- As supply chain bottlenecks continue to haunt retailers, three-fourths of consumers are worried about products running out of stock, prompting them to make their holiday purchases earlier this year, according to a new Deloitte report. Six in 10 retail executives are also worried about receiving holiday orders on time.
- The Deloitte report predicts that holiday spending will increase by 5% from last year to $1,463 per household on average. While higher-income households plan to spend an average of $2,624 per household, lower-income households expect to spend less than last year, at $536.
- According to the report, 40% of shoppers remain anxious about shopping in stores, down from 51% in 2020. Even with more comfortability shopping in stores, consumers expect to spend $924 online, an increase from $892 last year.
Deloitte's projections indicate that consumers are slightly more optimistic than last year, which is a sign that this year could be better for retailers. In 2020, as the coronavirus pandemic complicated in-store shopping, Deloitte predicted retail holiday sales growth would reach around 1% to 1.5%, but e-commerce sales were expected to jump between 25% and 30%.
This year it's uncertain how much in-store and e-commerce shopping will increase, as some shoppers will likely feel comfortable returning to stores while others stay away. A September Deloitte report indicated that holiday sales could rise between 7% and 9%, reaching a total of up to $1.3 trillion. Meanwhile, e-commerce sales could see an uptick between 11% and 15%, amounting to a $218 billion increase. However, the NPD Group anticipates that holiday spending overall will increase by 3% in November and December.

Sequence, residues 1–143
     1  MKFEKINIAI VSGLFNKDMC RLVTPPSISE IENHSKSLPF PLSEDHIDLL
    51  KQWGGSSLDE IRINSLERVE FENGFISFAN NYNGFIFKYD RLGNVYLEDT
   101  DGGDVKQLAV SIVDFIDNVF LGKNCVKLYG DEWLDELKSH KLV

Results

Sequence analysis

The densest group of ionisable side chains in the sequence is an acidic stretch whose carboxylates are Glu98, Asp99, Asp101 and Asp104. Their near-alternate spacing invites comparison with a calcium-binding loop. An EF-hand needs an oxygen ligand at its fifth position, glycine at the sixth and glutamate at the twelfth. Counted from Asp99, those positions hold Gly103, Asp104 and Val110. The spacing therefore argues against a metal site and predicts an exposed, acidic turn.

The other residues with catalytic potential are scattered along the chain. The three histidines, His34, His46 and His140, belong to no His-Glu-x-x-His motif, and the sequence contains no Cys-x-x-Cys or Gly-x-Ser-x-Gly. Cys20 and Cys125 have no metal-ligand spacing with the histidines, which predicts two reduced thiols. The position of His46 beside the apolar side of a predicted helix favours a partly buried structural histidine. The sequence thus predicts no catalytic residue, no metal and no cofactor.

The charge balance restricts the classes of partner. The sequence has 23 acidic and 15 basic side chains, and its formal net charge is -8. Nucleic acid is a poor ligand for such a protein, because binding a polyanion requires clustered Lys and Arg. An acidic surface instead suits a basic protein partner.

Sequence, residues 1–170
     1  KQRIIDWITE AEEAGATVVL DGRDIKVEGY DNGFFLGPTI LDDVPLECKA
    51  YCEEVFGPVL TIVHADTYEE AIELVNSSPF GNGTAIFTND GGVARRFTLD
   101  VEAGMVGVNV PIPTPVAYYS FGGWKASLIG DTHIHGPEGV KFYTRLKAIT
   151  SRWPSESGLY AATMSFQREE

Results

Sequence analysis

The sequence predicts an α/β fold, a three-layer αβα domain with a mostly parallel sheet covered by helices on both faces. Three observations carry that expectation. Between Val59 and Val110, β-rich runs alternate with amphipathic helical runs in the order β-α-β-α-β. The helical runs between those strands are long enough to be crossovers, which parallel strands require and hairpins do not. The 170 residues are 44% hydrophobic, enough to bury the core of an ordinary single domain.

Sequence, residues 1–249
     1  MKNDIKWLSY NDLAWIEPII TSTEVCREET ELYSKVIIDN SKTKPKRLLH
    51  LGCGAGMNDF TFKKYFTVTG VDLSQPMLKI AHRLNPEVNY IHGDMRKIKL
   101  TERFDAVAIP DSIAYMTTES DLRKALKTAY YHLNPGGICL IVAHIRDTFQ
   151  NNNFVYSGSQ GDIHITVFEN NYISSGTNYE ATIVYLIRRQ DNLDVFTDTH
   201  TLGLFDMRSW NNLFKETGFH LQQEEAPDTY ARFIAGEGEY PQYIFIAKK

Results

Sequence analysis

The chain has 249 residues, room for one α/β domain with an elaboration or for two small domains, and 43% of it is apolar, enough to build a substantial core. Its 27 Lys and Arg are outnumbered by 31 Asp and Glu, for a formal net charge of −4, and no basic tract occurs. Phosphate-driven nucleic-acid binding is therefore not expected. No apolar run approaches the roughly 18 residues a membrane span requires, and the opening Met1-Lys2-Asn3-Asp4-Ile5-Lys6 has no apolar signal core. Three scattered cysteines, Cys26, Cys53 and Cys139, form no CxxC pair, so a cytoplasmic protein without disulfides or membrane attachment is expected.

Some reports have also indicated that consumers are ready to start shopping in stores again. The NPD Group's report found that 58% of consumers plan to shop in physical stores thanks to the prevalence of COVID-19 vaccines.
Projections for how much consumers will spend also vary. Though Deloitte predicts that households will spend nearly $1,500 this year on average, JLL found in its report that respondents plan to spend $870 per person, with Amazon, Walmart, and Target being the top three retailers where consumers plan to shop.
What Deloitte as well as other research makes clear is that consumers are ready to shop earlier this year, in part because they want to get their goods before they go out of stock. Similar to Deloitte's most recent research, reports from the NPD Group and JLL both indicate that a sizable share of consumers plan to shop before Thanksgiving.
As consumers seek out holiday gifts early, retailers such as Target, Amazon and Best Buy have begun offering their holiday sales well before Thanksgiving to accomodate them. Retailers are still feeling the impacts of supply chain disruptions, which are expected to bring product shortages this season.